February 15, 1975
Former Egyptian Olympic fencer and leader of the Cairo Jewish community, Salvator Cicurel passes away. A Sephardi Jew, Cicurel’s father Moreno had immigrated from Smyrna (Izmir) in Turkey to Cairo (both were part of the Ottoman Empire at the time) in 1870, where he began working in a Jewish owned textile shop in the city’s main commercial district. In 1909, Moreno Cicurel would open Au Petit Bazar, a department store in the European district of Cairo. The store would change its name to Les Grands Magasins Cicurel et Oreco and grow into one of the largest department store chains in Egypt. The flagship store, “encompassed two buildings, each taking up a city block and looming four stories high … Once inside, shoppers could view an array of goods in departments that supplied the king of Egypt as well as other elite and more middle class families.” (Reynolds, Nancy, A City Consumed: Urban Commerce, the Cairo Fire and Politics of Decolonization in Egypt, Stanford, CA: Stanford University Press, 2012, p. 57)
Moreno Cicurel’s three sons, Solomon, Yusuf and Salvator, assumed control of the business in 1919 and expanded it into a retail empire, adding a series of discount thrift shops. Solomon would be killed in a robbery in 1927 and Yusuf would die in 1939, leaving Salvator in charge of the family business.
Salvator was educated in Switzerland and became Egypt’s national fencing champion and captain of the Egyptian Olympic fencing team in 1928, as well as being an elite golfer. In addition to his many affiliations in sports and Egyptian commerce, he also served as a leader of the Jewish community in Cairo, serving on the Cairo Sephardi Jewish Community Council and becoming its president in 1946. Since the Cicurel store was a preferred shopping destination of the royal family, it was not placed under government administration during the 1948 War as many other Jewish owned businesses were. Even after the military coup that ousted King Farouk in July 1952, the Cicurel store continued to enjoy a level of protection because of Salvator’s connections with members of the Free Officers as a result of his athletic prowess and accomplishments. The Free Officers even helped Cicurel rebuild his store after the Cairo Fire of January 1952.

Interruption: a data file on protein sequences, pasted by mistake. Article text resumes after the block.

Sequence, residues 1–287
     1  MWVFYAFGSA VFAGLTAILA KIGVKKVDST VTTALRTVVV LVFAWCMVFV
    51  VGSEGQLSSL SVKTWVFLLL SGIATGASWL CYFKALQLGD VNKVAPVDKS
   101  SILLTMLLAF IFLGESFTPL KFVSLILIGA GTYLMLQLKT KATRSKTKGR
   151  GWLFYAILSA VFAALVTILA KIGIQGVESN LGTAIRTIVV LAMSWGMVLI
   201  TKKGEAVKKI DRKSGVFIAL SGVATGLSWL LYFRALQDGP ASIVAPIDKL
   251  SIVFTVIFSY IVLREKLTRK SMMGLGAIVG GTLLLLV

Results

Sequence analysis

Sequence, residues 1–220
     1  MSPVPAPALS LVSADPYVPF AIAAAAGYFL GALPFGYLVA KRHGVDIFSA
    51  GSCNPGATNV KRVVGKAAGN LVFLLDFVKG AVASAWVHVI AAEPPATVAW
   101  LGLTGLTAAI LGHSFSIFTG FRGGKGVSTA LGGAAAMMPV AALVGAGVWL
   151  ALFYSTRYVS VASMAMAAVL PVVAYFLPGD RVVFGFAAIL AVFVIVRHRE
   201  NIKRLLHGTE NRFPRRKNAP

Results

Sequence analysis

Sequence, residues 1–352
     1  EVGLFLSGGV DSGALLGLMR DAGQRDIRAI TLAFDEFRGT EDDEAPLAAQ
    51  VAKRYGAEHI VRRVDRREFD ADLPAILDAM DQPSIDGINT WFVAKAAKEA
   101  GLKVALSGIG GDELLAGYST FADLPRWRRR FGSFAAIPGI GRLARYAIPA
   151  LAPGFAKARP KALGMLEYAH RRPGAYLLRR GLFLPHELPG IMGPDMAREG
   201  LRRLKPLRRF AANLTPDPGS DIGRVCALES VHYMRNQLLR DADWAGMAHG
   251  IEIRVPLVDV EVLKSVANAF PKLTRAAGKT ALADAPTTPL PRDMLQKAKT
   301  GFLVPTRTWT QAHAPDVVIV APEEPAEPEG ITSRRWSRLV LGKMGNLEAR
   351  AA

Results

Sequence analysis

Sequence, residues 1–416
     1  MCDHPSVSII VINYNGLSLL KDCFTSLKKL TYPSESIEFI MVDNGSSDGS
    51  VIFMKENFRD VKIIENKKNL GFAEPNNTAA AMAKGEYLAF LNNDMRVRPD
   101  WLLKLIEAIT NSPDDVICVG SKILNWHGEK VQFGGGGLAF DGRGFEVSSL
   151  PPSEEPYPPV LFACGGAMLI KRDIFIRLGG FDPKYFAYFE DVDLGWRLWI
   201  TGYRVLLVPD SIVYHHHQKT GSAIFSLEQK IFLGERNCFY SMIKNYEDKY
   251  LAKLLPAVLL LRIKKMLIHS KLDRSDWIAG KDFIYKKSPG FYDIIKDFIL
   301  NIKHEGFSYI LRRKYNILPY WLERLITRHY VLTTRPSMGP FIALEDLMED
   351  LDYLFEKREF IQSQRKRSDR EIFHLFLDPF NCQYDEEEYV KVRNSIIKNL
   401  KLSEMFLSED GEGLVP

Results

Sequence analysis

While serving as president of the Jewish community, there is little to suggest that Salvator himself was a political Zionist. Like many other well off Egyptian Jews, he did little to bring about unnecessary attention to himself or other members of the community and risk the positions they had obtained in Egyptian society.
Salvator Cicurel’s situation, as well as that of most Egyptian Jews changed in 1956 during the Suez Crisis and war. This time, the store, as well as all Jewish businesses, was placed under governmental control. After the war, Cicurel was forced to sell his interests to Muslim Egyptians. The store would be nationalized in 1961. Salvator Cicurel would leave Egypt for good in 1957, immigrating to France. His story is common to that of other Egyptian Jews, especially among the economic elite, who remained in Egypt after 1948, only to leave after things worsened for them in 1956. Most of those who would leave Egypt at that time went to either America or to Europe and not to Israel. The photo shows the store as it looked in the 1940’s.